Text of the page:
A different kind of read for me, and very engaging. A solid story, fresh characters, and, as I said, outstanding narration make for a no-regrets purchase.
This was a mildly entertaining little book, and I certainly wanted to finish it, in spite of an irritated dislike of the heroine. A depressingly familiar type in modern fiction, an Amazon-sized, gorgeous, militantly-fierce feminist who is only too willing to kick a man in the groin for hinting that she is a "foxy lady", but who instantly develops a personality-debilitating amnesia after successfully defending herself from a knife-slashing serial killer. Why, you wonder? Well, as far as I could tell, it was because she just could not bring herself to remember that she had felt actual gladness that the bad guy was dead just after she killed him. ??? Nor did I enjoy her incessant, gag-worthy quips (and apparently neither did the narrator, as he did his worst part with her dialogue). Fortunately, her role was relatively small in the fairly good-sized cast of characters, and the rest of them were far more interesting. A quick, non-engrossing story to listen to while doing something else with your hands.
Peter May is a superb writer. Peter Forbes is a superb narrator. That being said, I'm returning this book after 5.09.33 hours. I can't take any more. Not one single good thing has happened since page one. It's been a steady onslaught of depression, dementia, divorce, accidental pregnancies, accidental deaths, betrayals, and hopelessness. One of the protagonists, is now shipboard with his brother and a friend (who is a girl and has already been raped by a Catholic priest during their journey). Orphans all, the hints have been BROAD that they are bound for hell on earth, having been sold down the river by their (Catholic) church. I know human beings have endured lives like these, but I read for the sake of entertainment, not to be reminded of man's inhumanity to man. It's going back.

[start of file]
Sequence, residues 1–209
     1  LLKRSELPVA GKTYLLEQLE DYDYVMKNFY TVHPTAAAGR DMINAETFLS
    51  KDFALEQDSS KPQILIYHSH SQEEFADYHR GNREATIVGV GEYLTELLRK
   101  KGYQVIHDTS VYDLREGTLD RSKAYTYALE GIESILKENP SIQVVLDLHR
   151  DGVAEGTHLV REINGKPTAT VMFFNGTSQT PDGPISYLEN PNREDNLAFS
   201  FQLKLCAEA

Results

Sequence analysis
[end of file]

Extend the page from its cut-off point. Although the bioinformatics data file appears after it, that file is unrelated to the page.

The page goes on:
We are introduced to a cast of characters here, but it's like reading a roster. We don't ever get more than mildly acquainted with any of them. This book illustrates the importance of fleshing out the characters enough to arouse the reader's interest in their actions. No one in Smokescreen evokes even tepid curiosity, so at the denouement the reader shrugs "Huh.", immediately - and completely - forgetting it. How I know that is I chanced across this book in my library a couple days ago, where it showed as downloaded in April 2012. Not remembering it at all, I decided to read it again. I finished it this evening, and the memory is already fading fast. Again.
Nothing particularly bad, just...dull.
Reginald Hill is one of the best, and this is one of his best. Engrossing storyline and outstanding narration (by another one of the best) means you don't ever drift off, having to rewind to catch up. As always, the humor contained in the writing had me laughing out loud more than once, but it's never contrived or slapstick. Reading a book like this one is like eating a wonderful meal when you're really, really hungry, and I couldn't recommend it more highly.
If you are a Georgette Heyer fan, skip these new ones until they are released with a different narrator. Ulli Birve is sleepwalking her way through - I am one hour in, and unless the plot can overcome her narration in the next hour, this one is going back.
What is going on? Doesn't anybody at Audible listen to these productions before they are released? Not only is her voice a deadpan monotone, context and punctuation are blithely ignored as she stutters her way through the sentences. Example: "Fountain looked annoyed, and shook his head." The narration: "Fountain. Looked Annoyed. And shook his head."
It's extremely distracting, and definitely not what Georgette Heyer's books deserve!